You can ride almost indefinitely at this intensity if you’re adequately fueled. It doesn’t cause much damage, but it causes a potent adaptive response, meaning trained cyclists can do it almost daily.

Zone 2 cardio is low to moderate-intensity training at which most energy comes from fat, with only a small amount coming from glycogen stores. The gold standard for identifying Zone 2 (Z2) is using a blood lactate test (lactate of 2-3 mmol). However, this method isn’t practical for the general population.

The Z2 range is roughly 55 to 75% of functional threshold power (FTP) or 65 to 74% of max heart rate. Another way to tell you are in this zone is by using the talk test:

  • Easy, flowing conversation – Zone 1
  • Can hold a conversation, but speaking in shorter sentences – Zone 2 
  • Very difficult to talk – Zone 3-5
  • Can’t speak – Zone 6/7

What Should Zone 2 Feel Like Cycling?

As mentioned above, Zone 2 should feel like cycling at a low-to-moderate pace: two to four on an RPE scale. You can hold a conversation at this output, but it is difficult, and you must speak in shorter sentences. Also, because it is a sub-lactate threshold, you will not feel the characteristic burning sensation that indicates lactate accumulation.

Deep Dive: What Does Zone 2 Training Do to You?

While exercising in Zone 2, you recruit Type I muscle fibers, utilizing mainly fat for energy. These slow-twitch fibers adapt to this exercise stressor by increasing mitochondrial density, among other responses.

man in white jersey doing zone 2 training for cycling

Another significant effect of training in this zone is improved lactate clearance, the result of increased MD and more MCT-1 transporters (lactate carriers). Lactate is a byproduct of glycogen breakdown, which occurs mainly in the T2 muscle fibers during high-intensity exercise. Our bodies try to prevent the build-up of lactate by clearing it away. One of the primary ways our bodies clear lactate is through the T1 fibers.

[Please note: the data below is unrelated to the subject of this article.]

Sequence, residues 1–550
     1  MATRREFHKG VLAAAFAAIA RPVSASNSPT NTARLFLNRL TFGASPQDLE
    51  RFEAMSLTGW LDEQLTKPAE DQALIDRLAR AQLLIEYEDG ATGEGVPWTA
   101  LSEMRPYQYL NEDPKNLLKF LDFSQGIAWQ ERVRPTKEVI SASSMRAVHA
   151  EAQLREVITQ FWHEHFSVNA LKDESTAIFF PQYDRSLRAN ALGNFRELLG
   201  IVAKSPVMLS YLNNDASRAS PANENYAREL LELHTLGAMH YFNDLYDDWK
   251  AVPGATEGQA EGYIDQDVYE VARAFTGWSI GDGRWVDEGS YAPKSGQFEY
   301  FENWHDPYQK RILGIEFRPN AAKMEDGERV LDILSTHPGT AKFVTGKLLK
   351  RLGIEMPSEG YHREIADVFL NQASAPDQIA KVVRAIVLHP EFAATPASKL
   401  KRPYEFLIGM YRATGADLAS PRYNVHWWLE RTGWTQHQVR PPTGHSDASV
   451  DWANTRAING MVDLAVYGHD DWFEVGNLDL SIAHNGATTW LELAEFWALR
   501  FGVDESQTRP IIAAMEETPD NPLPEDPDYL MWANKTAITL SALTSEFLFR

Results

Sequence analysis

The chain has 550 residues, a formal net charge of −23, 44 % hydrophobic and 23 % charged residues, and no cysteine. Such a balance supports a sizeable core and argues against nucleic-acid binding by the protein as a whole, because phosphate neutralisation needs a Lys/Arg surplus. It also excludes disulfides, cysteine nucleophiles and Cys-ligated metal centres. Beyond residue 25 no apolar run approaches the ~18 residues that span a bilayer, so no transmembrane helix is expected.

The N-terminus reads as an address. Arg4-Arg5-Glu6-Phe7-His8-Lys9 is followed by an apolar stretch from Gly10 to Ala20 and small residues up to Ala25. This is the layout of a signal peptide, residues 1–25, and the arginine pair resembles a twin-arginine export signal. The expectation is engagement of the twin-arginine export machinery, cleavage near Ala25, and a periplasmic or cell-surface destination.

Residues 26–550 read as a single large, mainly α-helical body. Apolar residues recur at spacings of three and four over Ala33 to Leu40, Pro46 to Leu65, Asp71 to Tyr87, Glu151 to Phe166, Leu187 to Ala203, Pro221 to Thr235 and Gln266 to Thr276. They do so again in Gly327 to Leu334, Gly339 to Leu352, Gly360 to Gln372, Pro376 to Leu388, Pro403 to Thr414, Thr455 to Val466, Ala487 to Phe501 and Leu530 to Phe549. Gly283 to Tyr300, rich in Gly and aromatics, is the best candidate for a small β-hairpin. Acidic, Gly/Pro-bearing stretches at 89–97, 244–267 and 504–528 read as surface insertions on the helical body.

Increased mitochondrial density improves your ability to metabolize fat (fat oxidation), which spares the glycogen stored in the muscle and liver for use during high-intensity efforts. As a result, riders well-trained in Zone 2 can make harder and longer efforts later in a race or ride.

Each individual reaches a point where lactate accumulation is faster than clearance. High-intensity training makes your T2 muscle fibers much more efficient at using glycogen, but they still rely on the lactate clearance capacity of the T1 fibers to delay exhaustion. T1 fibers take in lactate using a specific transporter protein (MCT-1), carrying it to their mitochondria for reuse as energy. 

A final effect of Zone 2 cardio is the creation of new muscle capillaries, which enable more oxygen to be transported to the muscles. With oxygen reaching your muscles faster, you can remain in an aerobic state at higher power outputs.

Most riders and fans of cycling know that the races are usually won through well-timed, powerful efforts that allow a rider to get ahead at a pivotal moment. So why is it so important to train at low intensity?

The benefits of Zone 2 cardio are many. For cyclists, this type of training impacts performance in several ways, as explained by what we discussed in the previous section.

  • More efficient – Sustain higher power output at a lower effort that still favors fat for fuel.
  • Increased sub-maximum output – Last longer and push harder at high intensities.
  • Faster recovery – Less recovery time is needed between high-intensity efforts.
  • Limited recovery needed – Trained cyclists can exercise Zone 2 almost daily without needing recovery the next day, allowing for higher training volumes.

General Health Benefits of Zone 2 Training 

Zone 2 training also has tremendous benefits to overall health and longevity off the bike. The positive effect of this type of exercise on mitochondrial density and function can combat diseases like Type-2 diabetes and other metabolic conditions like hypertension and hypercholesterolemia. A 2020 study in JAMA estimated that 34.7% of the US population has metabolic syndrome, so this type of training could have a massive impact on addressing that issue.